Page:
Over Christmas break, I heeded the urgings of the younger set and promised them to watch what I was told is one of the best travel programs on television: Anthony Bourdain’s No Reservations. Last night, Bourdain was in Venice, a city I have written about on this blog, a city I visited for the first time this past summer. But Bourdain’s Venice is nothing like mine, so vast are the differences between his city and mine.
Don’t get me wrong. I like Bourdain’s lurking at the edges of cities; his unhealthy nictone habits; his cunning charms; his gusto for life and good, solid food; his occasional foul language; his roving eyes. All that is great, but could it be that all these things which have served him so well in the past are incongruous with the illusive, ambiguous, hazy Venice? I mean, it’s great to make food–its preparation, its consumption, its ingredients, its underside–the center of the episodes of No Reservations, but is there anyone who thinks about food in Venice? I am no connoisseur of Venetian cuisine, and I was on a limited budget this summer, but Venice–like Istanbul–is so intertwined with the surrounding water that sometimes I felt the earth trembling under my feet. Literally. The last thing on my mind was food.
Geography is the mother of everything Venetian. From this geography everything blossoms in such contradictory ways. Venice lyrical, Venice dramatic. Venice decaying, Venice alive. Venice illusive; Venice monumental. Venice visible; Venice shrouded.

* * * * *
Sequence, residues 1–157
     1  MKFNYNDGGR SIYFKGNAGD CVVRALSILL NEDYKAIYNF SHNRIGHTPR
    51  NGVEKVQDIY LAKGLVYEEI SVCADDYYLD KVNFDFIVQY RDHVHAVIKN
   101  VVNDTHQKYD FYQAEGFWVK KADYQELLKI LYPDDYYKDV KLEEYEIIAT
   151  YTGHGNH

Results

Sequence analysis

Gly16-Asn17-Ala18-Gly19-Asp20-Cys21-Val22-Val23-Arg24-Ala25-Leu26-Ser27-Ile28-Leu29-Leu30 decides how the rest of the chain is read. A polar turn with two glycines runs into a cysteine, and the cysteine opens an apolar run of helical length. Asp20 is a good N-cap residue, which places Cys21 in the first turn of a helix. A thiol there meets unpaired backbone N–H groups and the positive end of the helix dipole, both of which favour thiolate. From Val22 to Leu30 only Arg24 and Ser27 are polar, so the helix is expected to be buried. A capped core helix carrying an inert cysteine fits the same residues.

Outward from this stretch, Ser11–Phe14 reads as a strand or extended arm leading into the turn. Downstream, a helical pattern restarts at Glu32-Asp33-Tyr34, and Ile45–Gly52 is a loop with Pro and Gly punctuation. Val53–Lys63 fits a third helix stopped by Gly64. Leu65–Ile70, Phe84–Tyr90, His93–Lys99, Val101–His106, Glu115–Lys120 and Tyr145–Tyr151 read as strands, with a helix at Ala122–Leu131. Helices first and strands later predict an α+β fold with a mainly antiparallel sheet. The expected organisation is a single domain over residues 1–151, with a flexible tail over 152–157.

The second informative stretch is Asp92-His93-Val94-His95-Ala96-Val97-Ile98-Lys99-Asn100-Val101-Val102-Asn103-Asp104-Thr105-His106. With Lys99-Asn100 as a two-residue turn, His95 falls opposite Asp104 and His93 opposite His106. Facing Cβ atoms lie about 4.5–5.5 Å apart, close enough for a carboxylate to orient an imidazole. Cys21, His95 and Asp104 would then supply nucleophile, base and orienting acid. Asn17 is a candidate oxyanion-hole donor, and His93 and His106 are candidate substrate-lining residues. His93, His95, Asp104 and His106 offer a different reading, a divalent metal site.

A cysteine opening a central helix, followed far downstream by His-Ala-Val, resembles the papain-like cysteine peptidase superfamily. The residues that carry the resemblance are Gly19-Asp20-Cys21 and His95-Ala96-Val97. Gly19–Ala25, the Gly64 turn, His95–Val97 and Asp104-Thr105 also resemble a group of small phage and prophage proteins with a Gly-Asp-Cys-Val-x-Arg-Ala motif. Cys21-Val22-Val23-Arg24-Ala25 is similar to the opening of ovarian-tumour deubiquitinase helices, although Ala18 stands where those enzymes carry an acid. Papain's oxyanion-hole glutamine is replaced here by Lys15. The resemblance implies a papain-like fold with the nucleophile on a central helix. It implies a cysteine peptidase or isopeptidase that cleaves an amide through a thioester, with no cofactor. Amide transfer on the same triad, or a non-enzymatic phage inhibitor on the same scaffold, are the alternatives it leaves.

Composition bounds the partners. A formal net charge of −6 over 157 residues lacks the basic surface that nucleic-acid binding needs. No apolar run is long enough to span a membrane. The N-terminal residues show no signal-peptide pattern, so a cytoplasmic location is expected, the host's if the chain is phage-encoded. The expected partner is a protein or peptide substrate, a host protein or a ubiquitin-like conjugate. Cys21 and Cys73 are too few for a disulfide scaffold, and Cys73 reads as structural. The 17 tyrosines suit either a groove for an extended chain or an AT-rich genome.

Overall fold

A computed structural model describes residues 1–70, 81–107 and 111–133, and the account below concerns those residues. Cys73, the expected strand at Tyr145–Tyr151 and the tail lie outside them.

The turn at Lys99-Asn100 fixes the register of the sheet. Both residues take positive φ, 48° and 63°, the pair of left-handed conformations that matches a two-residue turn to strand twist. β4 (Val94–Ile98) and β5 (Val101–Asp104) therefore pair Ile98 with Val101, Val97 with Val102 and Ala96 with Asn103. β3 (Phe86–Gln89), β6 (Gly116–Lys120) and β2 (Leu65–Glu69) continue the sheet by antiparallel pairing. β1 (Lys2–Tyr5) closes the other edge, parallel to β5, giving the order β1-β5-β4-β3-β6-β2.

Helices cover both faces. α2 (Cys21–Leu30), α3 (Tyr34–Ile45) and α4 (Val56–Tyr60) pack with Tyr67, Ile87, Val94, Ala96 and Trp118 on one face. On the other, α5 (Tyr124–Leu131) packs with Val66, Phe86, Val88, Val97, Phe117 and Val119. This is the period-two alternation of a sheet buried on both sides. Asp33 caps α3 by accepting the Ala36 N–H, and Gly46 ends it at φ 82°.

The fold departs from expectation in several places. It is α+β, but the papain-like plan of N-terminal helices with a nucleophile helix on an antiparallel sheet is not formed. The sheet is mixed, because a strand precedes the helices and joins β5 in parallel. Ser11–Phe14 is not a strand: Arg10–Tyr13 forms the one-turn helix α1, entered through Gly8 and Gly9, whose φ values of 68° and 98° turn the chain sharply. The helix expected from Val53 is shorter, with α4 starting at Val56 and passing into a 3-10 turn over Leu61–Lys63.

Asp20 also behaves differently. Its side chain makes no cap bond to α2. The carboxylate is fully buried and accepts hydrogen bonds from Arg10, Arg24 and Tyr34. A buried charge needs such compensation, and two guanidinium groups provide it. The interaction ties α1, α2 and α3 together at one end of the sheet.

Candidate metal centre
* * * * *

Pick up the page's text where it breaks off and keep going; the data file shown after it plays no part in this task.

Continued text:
And then there are the Venetians, of which Bourdain shows us only individuals, half of whom are Anglos who have made Venice home. But the Venice I was in this past summer was a gallery of very well and consciously dressed men and women, shuffling along the narrow streets but also strutting their very conspicuous attire across the great public squares, past the museums and churches, the palaces and concert halls. Venetians–that mixture of self-display and disdain; citizens of a city which makes them at once minor works of design but also narrows their vision, pushes their forehead downwards, makes them provincial, makes them look at your with hostility if you dare take their picture. So, with all this who cares about the food? And who cares about Murano lace when there is Torcello and its desolate beauty, as though it were abandoned by history? Who cares?
Anthony Bourdain, food may be that thing which connects us all to each other and makes many of your episodes so enjoyable (we join with you in a vicarious, virtual feast), but I bet you, in Venice, you can be in such a state of excitation that you will forget about food, about the three meals, about your stomach and its urges. Which is why so many artists have gone–and stayed–in Venice, and so many of them have died there, to the occasional contempt of the locals.
Venice is a mirage; it comes and goes; and then comes again. Ah, but that is a tall order–to tell Venice as she is or seems to be a particular moment, as she changes form and becomes something else, one century after another?